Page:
Capped at 100 orders, the event will raise $8,000 for the charity Immigrant Women Services Ottawa if it sells out. It’s already halfway there, Ferries says.
“With the pandemic, lots of charities have seen the events they depend on postponed or downsized. So it’s wonderful to be in a position to give back in this way.”
During the nearly year-long pandemic grind, restaurants have been hobbled by repeated dining-room shutdowns and limits on their capacities. Charities have seen fundraising galas disappear, even as clients such as the homeless and victims of domestic violence have had greater needs for services.
But culinary-based fundraisers, long a pillar of local philanthropy, have pivoted and persisted. And in some cases, restaurants fighting to survive COVID-19 have become modest beneficiaries, breaking even or making some money whereas previously they donated goods and services.
Ferries’s budget ensures she and her peers won’t lose money by participating. But every penny after costs are covered will go to the charity, she says. “We’re not keeping any profits. Nobody is making any money off of this,” Ferries says.
“Overall, people are very understanding when we say we can’t do a 100 per cent donation to (their) charity at this point,” says Stephen Beckta, who through his Ottawa restaurants has recently helped raise tens of thousands of dollars for causes.
Last fall, Beckta assisted Salus, an organization that supports Ottawans with serious mental illness, by leading scores of donors through a high-end virtual wine-tasting. Dubbed Rendez-Vous Salus, the event raised $95,000, says Marianne Long, Salus’s manager of fund development.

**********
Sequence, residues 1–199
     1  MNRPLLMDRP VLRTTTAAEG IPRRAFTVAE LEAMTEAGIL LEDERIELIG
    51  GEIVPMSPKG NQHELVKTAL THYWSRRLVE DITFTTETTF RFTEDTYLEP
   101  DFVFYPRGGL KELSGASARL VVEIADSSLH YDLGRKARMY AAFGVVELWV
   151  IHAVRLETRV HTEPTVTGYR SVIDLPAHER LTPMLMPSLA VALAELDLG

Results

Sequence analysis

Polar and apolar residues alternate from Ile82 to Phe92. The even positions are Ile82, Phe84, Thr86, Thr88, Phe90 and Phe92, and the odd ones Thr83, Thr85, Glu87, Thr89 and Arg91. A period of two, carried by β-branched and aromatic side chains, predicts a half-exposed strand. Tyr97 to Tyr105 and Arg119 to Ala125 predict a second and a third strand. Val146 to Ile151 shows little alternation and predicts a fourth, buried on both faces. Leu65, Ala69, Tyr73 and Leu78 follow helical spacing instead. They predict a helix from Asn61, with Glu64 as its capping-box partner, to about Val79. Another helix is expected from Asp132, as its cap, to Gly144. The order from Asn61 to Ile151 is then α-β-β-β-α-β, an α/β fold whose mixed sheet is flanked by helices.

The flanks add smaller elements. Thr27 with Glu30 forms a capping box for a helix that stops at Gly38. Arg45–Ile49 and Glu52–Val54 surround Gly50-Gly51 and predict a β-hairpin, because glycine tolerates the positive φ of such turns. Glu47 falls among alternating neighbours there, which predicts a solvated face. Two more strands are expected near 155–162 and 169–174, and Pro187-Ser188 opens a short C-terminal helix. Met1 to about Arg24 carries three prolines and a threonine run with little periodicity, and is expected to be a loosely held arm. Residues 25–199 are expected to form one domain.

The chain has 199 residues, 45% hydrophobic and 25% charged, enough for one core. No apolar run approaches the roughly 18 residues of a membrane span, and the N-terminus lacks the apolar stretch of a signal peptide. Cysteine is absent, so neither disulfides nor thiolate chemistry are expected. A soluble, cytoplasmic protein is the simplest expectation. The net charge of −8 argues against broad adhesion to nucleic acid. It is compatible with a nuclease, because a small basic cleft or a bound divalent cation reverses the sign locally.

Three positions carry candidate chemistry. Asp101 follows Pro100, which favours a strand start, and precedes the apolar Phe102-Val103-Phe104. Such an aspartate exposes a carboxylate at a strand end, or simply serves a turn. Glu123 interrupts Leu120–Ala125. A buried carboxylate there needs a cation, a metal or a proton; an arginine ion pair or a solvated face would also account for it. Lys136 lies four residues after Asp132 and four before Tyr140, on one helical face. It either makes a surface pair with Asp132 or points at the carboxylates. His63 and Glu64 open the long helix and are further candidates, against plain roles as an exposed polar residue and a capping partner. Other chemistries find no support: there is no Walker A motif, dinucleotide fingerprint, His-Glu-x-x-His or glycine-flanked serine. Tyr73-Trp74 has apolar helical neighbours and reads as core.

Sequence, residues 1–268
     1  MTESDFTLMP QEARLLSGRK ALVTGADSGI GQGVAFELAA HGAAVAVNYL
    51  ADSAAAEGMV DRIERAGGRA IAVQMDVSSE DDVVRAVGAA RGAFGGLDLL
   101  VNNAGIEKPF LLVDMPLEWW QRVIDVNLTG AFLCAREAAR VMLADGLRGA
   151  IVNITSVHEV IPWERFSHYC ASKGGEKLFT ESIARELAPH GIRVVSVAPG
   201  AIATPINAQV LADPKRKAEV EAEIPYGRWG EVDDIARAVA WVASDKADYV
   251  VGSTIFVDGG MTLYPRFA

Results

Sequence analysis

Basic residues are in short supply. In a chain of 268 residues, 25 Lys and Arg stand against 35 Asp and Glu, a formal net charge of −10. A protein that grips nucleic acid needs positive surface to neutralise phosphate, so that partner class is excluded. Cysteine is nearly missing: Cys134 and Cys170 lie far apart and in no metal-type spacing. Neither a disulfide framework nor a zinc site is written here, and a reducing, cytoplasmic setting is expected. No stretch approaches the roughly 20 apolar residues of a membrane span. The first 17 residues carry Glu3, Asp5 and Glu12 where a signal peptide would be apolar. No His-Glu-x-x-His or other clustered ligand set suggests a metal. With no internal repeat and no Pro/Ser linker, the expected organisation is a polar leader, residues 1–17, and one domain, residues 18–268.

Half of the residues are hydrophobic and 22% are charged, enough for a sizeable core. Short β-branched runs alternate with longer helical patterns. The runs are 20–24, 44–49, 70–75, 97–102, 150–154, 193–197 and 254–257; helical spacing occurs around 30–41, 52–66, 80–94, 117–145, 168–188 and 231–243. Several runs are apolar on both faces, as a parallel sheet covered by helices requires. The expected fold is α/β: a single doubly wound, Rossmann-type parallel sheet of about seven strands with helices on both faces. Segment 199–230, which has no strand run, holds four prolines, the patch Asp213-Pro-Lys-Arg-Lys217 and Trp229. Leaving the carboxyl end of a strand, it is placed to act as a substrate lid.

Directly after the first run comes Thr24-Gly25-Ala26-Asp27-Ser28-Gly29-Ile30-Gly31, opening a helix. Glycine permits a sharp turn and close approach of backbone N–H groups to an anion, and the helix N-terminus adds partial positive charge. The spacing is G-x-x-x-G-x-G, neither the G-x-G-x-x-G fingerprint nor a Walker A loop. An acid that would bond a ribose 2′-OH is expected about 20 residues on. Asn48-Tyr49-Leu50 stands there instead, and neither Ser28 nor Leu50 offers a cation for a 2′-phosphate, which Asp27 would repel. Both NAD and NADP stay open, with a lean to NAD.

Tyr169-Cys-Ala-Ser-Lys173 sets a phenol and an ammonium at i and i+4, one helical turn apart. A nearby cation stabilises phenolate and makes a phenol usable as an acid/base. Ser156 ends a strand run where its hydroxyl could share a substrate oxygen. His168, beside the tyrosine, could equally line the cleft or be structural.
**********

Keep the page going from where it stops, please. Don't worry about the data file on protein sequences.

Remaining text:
One year before, the 2019 Soiree Salus dinner and auction drew 300 donors to the French ambassador’s residence and raised $165,000, Long notes. But the virtual event was a success, and a virtual culinary fundraiser is planned for late May or early June, she says.
“Donors are like all of us,” she says. “We would normally have much more active social lives. These experiences, which not only support the restaurant community, are allowing people to have ways to connect with their friends and just have things to look forward to in a difficult time.”
In late November, Beckta helped raise $50,000 for the Snowsuit Fund through its first takeout-based fundraiser, dubbed Gala-In-A Box, says organizer Karen Wood, of Knock on Wood Communications and Events. More than 210 boxes at $300 each were sold, Wood says.
In early March 2020, the Shepherds of Good Hope held its eighth annual Taste For Hope event at Landsdowne Park’s Horticulture Building, raising $87,000 from attendees who grazed at food and beverage stations, says David Gourlay, the shelter’s director of philanthropy.
“We didn’t want the pandemic to be an excuse not to fundraise, and we’ve got this amazing local business community in hospitality,” he says.
This content was originally published here.